• Requires: Lucene 1.9 RC1-dev
• Available at http://www.cnlp.org/apachecon2005
Term Vectors
• Relevance Feedback and “More Like This”
• Domain specialization
• Clustering
• Cosine similarity between two documents
• Highlighter
– Needs offset info
Lucene Term Vectors (TV)
• In Lucene, a TermFreqVector is a
representation of all of the terms and term
counts in a specific Field of a Document
instance
• As a tuple:
termFreq = <term, term countD>
<fieldName, <…,termFreqi, termFreqi+1,…>>

• As Java:
public String getField();
public String[] getTerms();
public int[] getTermFrequencies(); Parallel Arrays
Creating Term Vectors
• During indexing, create a Field that
stores Term Vectors:
new Field("title", parser.getTitle(),
Field.Store.YES,
Field.Index.TOKENIZED,
Field.TermVector.YES);

• Options are:
Field.TermVector.YES
Field.TermVector.NO
Field.TermVector.WITH_POSITIONS – Token Position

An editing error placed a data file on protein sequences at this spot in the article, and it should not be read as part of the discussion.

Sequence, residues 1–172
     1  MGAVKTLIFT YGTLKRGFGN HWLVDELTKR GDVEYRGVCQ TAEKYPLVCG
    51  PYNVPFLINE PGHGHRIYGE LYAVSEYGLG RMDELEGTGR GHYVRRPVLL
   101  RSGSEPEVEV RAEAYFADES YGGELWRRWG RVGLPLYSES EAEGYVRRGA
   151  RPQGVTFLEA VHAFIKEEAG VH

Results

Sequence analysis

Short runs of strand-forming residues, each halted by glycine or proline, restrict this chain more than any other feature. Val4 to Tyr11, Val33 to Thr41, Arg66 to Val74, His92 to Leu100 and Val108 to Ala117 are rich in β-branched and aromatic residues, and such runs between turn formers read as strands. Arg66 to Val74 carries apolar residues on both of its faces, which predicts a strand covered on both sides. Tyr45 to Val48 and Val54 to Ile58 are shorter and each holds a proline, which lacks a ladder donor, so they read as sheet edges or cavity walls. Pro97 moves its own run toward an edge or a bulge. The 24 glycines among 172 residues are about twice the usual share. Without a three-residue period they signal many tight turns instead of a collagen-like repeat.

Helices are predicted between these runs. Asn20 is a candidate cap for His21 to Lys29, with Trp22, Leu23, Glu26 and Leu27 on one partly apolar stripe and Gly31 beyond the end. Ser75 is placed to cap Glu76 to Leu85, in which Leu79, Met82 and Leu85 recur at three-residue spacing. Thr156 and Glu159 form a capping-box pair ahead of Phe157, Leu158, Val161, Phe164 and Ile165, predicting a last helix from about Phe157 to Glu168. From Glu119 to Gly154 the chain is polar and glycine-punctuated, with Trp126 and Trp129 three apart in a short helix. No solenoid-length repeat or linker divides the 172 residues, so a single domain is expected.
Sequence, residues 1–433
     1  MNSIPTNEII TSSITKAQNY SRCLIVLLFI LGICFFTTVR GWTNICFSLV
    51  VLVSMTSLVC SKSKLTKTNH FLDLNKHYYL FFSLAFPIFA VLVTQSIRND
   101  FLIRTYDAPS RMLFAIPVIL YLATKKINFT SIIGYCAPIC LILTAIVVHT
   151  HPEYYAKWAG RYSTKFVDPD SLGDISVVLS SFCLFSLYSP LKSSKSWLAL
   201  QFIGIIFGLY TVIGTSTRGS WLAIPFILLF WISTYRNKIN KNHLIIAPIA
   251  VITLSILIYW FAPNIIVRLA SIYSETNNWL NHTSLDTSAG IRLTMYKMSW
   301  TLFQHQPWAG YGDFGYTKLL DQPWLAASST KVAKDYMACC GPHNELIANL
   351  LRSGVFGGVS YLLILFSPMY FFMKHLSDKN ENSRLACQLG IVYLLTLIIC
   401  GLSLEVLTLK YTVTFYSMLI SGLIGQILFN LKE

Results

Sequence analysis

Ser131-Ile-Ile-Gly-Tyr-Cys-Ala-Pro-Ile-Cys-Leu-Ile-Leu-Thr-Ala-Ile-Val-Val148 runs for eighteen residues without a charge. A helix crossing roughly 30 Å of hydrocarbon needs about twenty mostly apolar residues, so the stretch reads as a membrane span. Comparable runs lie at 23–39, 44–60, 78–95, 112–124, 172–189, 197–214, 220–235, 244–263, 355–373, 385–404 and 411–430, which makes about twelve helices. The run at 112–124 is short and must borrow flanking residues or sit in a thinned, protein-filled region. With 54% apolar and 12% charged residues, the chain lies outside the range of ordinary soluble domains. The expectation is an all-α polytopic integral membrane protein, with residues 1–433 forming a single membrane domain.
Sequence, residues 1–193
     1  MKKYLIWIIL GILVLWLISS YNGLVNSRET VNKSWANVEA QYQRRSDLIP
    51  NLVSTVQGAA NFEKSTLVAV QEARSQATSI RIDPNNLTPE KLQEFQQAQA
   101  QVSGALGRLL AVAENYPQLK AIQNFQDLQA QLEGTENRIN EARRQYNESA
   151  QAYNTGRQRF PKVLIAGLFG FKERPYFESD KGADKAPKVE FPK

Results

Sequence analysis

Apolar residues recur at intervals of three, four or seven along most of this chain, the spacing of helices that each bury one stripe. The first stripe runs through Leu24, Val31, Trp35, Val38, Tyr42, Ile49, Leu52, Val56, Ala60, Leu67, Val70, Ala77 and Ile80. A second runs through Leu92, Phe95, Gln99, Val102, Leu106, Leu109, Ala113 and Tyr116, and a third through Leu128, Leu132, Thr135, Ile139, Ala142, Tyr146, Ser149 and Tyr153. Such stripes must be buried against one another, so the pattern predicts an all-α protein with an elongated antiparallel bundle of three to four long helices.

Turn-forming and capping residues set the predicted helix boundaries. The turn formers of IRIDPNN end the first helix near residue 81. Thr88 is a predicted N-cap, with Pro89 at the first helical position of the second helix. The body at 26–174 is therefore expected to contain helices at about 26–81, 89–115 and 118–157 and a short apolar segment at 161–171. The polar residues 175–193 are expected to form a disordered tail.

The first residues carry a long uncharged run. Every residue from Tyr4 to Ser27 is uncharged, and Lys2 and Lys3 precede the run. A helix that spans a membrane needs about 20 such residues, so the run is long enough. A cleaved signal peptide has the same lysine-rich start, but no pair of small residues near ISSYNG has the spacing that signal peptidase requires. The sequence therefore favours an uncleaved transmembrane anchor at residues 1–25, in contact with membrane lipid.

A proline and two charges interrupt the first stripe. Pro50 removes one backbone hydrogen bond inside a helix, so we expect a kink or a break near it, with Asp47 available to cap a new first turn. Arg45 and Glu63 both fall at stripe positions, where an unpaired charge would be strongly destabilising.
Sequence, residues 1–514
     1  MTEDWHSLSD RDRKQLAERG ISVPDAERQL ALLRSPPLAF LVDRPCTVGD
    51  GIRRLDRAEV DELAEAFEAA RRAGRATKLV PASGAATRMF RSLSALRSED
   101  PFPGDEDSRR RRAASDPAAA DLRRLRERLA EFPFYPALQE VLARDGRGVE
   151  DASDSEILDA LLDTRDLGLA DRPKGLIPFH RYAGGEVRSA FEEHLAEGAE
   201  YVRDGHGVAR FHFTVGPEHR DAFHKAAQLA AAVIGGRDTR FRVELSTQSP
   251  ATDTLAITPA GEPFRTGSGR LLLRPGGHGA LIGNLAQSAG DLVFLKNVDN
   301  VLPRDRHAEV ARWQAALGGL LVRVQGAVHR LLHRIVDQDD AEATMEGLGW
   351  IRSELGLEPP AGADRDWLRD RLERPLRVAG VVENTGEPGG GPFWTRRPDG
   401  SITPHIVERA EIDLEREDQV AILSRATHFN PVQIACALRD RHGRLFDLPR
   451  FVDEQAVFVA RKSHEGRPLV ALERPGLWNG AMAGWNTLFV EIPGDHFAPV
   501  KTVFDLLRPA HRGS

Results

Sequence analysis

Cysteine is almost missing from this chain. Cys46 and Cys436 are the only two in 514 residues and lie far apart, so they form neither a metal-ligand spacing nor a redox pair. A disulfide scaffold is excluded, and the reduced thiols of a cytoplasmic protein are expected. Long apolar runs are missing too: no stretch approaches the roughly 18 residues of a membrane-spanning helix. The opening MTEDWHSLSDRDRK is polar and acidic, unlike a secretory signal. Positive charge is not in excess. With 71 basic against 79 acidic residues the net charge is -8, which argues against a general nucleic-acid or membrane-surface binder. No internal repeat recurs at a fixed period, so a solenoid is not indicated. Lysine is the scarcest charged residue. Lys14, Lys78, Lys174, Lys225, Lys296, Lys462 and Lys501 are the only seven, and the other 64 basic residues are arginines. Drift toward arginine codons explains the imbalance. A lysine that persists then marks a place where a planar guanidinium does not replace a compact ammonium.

Field.TermVector.WITH_OFFSETS – Character offsets
Field.TermVector.WITH_POSITIONS_OFFSETS
Accessing Term Vectors
• Term Vectors are acquired from the
IndexReader using:
TermFreqVector getTermFreqVector(int docNumber,
String field)
TermFreqVector[] getTermFreqVectors(int docNumber)

• Can be cast to TermPositionVector if


the vector was created with offset or
position information
• TermPositionVector API:
int[] getTermPositions(int index);
TermVectorOffsetInfo [] getOffsets(int index);
Relevance Feedback
• Expand the original query using terms from documents
• Manual Feedback:
– User selects which documents are most relevant and, optionally,
non-relevant
– Get the terms from the term vector for each of the documents
and construct a new query
– Can apply boosts based on term frequencies
• Automatic Feedback
– Application assumes the top X documents are relevant and the
bottom Y are non-relevant and constructs a new query based on
the terms in those documents
• See Modern Information Retrieval by Baeza-Yates, et.
al. for in-depth discussion of feedback
Example
• From Demo, SearchServlet.java
• Code to get the top X terms from a TV